SRAM’s first eTap group was notable for what wasn’t included — specifically, shift cables. While the brand-new eTap AXS remains wireless, the big story is how it reimagines gearing on drop-bar bicycles.
For starters, SRAM has joined the 12-speed parade. But that’s just keeping up with the Joneses (or Campagnolos). SRAM blows right past them with an entirely new approach to gear ratios. Your easiest gear is easier, your hardest gear is harder, and the jumps in between are smoother.
To achieve the seemingly contradictory combination of wide range and tight jumps between gears, SRAM’s 12-speed cassette starts with a 10-tooth cog and makes successive 1-tooth jumps up until the 17-tooth cog on the 10-26T tooth cassette. There are also one-tooth jumps in the same configuration on the 10-28T cassette, and one-tooth jumps up until the 15-tooth cog on the 10-33T cassette.
And the chainrings have shrunk. The available combinations are 50/37T, 48/35T, and 46/33T. The 50/37T option will likely find a home on pro bikes and with competitive racers. The vast majority of riders will find the 48/35T rings most appropriate; novices, or those living in the mountains, can err toward 46/33T.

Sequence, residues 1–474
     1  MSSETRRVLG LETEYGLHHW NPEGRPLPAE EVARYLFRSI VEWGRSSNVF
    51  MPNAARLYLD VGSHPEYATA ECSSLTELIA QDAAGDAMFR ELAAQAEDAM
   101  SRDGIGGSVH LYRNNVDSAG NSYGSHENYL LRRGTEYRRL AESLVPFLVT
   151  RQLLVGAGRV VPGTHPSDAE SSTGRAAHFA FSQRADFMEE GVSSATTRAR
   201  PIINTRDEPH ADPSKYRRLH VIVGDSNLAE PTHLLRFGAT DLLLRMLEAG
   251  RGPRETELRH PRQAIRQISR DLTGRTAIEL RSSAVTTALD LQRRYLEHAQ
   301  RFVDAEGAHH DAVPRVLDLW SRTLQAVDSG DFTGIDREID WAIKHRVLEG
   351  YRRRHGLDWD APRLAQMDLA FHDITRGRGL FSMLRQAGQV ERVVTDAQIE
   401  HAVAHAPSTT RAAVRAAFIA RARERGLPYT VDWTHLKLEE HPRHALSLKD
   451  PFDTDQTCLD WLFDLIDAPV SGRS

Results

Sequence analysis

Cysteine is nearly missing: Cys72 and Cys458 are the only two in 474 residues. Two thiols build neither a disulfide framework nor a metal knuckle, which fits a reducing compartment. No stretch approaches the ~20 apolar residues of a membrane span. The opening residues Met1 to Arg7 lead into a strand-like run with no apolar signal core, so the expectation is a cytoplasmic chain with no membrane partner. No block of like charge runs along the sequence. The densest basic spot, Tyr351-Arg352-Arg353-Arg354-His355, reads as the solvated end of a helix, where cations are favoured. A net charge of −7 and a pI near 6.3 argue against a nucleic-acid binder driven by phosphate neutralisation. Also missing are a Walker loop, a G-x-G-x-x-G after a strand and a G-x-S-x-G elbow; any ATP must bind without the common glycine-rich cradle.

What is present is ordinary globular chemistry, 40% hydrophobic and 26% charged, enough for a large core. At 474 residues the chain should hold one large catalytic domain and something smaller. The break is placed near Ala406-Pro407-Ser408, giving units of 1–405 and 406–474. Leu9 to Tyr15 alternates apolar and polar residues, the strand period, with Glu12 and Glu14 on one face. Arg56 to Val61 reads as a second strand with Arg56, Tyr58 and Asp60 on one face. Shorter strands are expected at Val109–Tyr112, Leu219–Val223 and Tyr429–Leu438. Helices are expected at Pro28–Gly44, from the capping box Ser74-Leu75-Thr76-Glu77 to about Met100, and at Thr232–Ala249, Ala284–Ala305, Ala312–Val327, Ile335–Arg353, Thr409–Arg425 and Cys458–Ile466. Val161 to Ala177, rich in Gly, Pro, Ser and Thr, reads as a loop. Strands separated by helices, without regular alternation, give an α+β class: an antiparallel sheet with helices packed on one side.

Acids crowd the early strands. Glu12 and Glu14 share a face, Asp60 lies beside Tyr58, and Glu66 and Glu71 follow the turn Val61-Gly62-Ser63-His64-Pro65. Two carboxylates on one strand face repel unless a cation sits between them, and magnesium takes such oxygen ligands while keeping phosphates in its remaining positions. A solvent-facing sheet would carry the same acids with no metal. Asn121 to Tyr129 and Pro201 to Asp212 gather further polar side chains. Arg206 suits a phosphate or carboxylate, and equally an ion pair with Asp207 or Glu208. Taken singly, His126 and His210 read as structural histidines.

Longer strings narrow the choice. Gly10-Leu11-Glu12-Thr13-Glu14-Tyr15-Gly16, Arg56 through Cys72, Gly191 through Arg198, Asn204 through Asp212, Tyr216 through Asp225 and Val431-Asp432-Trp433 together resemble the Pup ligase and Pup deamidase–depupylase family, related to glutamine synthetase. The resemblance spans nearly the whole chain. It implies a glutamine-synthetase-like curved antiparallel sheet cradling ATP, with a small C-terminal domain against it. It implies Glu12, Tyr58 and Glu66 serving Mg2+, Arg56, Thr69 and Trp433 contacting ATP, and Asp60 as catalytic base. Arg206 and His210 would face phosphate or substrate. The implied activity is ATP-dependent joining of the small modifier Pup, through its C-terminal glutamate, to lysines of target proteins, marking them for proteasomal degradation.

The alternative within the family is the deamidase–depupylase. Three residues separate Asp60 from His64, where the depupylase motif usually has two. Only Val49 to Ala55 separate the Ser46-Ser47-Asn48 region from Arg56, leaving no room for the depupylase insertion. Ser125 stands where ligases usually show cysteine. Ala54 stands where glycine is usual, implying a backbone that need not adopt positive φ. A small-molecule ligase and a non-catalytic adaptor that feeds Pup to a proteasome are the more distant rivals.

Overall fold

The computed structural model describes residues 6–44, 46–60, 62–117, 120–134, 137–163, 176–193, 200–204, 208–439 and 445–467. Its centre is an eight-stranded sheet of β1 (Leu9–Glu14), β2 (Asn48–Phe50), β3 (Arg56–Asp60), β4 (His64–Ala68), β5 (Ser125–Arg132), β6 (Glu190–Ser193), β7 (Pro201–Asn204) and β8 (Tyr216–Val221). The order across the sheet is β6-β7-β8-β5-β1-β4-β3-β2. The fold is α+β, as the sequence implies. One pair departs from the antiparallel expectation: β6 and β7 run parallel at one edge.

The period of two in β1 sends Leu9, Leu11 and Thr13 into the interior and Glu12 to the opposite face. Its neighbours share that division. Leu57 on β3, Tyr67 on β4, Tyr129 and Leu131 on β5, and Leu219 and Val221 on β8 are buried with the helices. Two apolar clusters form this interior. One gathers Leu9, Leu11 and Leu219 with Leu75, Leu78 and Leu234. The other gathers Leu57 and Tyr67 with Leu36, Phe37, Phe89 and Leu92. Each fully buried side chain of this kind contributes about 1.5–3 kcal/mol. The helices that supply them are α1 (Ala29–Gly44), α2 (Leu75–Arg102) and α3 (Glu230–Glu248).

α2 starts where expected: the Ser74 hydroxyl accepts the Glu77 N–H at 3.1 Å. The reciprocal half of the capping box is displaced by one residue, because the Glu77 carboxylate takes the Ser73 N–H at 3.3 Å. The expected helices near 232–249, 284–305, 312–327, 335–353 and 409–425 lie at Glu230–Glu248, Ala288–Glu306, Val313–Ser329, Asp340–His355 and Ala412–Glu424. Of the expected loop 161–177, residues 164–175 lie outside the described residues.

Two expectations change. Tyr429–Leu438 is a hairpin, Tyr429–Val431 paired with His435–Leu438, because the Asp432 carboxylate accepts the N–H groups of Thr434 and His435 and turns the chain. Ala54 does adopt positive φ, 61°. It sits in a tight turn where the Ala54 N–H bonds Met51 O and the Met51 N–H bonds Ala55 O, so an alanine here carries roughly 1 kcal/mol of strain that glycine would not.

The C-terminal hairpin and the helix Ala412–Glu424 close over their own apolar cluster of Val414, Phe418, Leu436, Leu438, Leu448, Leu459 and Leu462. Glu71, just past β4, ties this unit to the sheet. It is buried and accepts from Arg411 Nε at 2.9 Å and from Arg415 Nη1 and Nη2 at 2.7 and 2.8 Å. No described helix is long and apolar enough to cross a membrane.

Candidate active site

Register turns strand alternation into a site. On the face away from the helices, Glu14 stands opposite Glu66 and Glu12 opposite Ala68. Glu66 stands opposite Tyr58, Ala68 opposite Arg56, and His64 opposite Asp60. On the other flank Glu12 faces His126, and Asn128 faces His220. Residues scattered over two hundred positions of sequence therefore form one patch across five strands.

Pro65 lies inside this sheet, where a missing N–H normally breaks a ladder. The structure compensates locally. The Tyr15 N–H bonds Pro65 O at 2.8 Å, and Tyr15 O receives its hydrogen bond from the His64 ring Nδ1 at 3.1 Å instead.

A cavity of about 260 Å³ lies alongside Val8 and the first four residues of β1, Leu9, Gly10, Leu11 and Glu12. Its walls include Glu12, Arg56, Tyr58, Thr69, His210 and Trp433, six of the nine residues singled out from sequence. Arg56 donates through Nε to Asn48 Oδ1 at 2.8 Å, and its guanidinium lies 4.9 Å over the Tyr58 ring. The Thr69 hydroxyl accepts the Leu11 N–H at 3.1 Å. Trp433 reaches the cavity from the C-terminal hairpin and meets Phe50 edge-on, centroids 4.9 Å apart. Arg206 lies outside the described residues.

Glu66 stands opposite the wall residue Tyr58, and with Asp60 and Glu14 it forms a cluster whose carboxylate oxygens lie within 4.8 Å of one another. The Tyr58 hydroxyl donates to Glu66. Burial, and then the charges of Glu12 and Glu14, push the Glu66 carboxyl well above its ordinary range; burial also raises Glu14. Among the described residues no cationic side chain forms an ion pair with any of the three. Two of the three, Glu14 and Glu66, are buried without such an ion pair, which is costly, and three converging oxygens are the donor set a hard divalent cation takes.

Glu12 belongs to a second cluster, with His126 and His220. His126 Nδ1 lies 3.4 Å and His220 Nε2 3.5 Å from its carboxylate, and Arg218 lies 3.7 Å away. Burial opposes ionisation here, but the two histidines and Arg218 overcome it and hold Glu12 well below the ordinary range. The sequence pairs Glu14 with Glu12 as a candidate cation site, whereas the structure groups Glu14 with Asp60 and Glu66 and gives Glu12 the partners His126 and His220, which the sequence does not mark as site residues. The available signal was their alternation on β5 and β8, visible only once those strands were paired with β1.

According to SRAM’s gear charts, this all means you get a 260 percent gear range (easiest to hardest) with the 10-26-tooth cassette. That number bumps up to 280 percent on the 10-28-tooth cassette, and 330 percent on the 10-33-tooth cassette. That beats competitors’ cassettes by a pretty wide margin (an 11-25-tooth cassette, for example, offers a 227 percent gear range; an 11-34 cassette offers 309 percent.)
If those chainring sizes seem unfamiliar to you, that’s the point. SRAM has essentially shifted much of the gear range to the cassette. That leaves a 13-tooth jump between your large chainring and the small one. This decreases the severity of a front shift. It also means you’re less likely to find yourself searching for the right gear, only to find it only exists hypothetically between gears. Now that gear actually exists, and when you initiate a front shift, your cadence will not change as drastically.
You get the option of a power meter crankset as well. The Quarq power meter integrates into the chainring on both 1X and 2X systems. It’s lightweight and is less expensive than previous Quarq power meters.